An Integrated Ice Imaging System for LC-130s
Scientists have observed that the polar ice sheets and glaciers are changing more rapidly than anticipated and have been seeking new ways to collect the data they need to understand these changes and the processes that are driving them. Using satellites to measure ice from space is an efficient way to collect information on the vast polar regions, yet while satellites can provide measurements on the changes...the thinning and acceleration of ice, and the overall loss of ice mass...they are unable to provide the observations we need to understand 'why' these changes are occurring. In order to better understand the 'why' we need to collect regular coincident (occurring at the same space and time) measurements on the ice surface and the ice bed. Currently this can not be done by satellite so other techniques are being used. Flying over the ice sheet using newly refined instruments is a technique that has been successfully deployed in several recent projects (AGAP, ICEBridge), however, the cost and resources needed for this type of work limits this type of data collection. The Lamont IcePod project builds from these successful projects to develop a mechanism for widespread data collection through using existing equipment (LC 130 aircraft) and an existing program (New York Air National Guard 'NYANG' routine support flights) to fill this need.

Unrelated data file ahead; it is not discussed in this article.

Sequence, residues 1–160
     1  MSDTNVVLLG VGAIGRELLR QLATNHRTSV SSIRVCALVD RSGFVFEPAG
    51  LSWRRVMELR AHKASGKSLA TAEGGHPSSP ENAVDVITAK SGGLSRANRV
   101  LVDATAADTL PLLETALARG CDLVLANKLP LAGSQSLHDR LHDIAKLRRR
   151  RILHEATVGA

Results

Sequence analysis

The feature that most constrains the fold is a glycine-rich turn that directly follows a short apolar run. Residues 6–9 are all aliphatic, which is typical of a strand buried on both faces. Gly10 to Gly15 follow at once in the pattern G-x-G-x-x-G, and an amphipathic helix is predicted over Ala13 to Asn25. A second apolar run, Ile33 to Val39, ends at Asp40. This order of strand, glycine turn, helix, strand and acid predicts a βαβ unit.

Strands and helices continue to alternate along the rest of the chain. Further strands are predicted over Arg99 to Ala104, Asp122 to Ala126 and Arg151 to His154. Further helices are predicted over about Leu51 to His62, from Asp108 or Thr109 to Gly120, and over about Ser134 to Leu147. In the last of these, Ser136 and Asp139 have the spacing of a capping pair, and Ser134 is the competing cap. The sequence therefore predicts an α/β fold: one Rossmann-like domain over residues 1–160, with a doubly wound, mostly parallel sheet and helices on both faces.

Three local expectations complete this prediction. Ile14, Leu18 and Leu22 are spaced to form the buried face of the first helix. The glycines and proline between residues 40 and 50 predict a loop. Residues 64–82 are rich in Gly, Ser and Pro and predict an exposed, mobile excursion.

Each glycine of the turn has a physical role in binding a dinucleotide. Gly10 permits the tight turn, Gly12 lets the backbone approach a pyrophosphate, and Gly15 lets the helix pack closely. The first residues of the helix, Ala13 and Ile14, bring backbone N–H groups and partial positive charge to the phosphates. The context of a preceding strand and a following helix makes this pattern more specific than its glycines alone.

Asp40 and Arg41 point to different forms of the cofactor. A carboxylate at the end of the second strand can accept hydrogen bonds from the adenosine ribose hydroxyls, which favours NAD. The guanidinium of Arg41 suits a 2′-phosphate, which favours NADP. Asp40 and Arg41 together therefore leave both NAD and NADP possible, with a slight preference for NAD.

IcePod has focused on the development of an integrated ice imaging system that can measure in detail both the ice surface and the ice bed. The system is enclosed in a Common Science Support Pod (CSSP) mounted on the rear troop door of the LC-130 transport aircraft flown by the NYANG 109th Airlift Wing. The instruments collect an array of measurements during routine and targeted missions across Antarctica and Greenland. With the ability to regularly collect concurrent data on the change in ice volume and the underlying processes, IcePod will allow us to examine not just 'how fast' the ice sheets are changing but 'why'. The fundamental data sets produced by the icePod system are essential to support the development of accurate ice sheet models necessary for understanding and predicting changes such as future climate and accompanying sea level.
The baseline of critical data collected through this project will be shared through a community research facility, providing data to scientists and educators globally. This project will design, build, calibrate, test and commission the instrument over a five-year period. The goal of the icePod instrumentation is that the sensor system will become a facility operated for the science community and the data will be served to the science community through a supported polar data center.
Funding for this project came through special Recovery Act Funding of a National Science Foundation Major Research Instrumentation grant.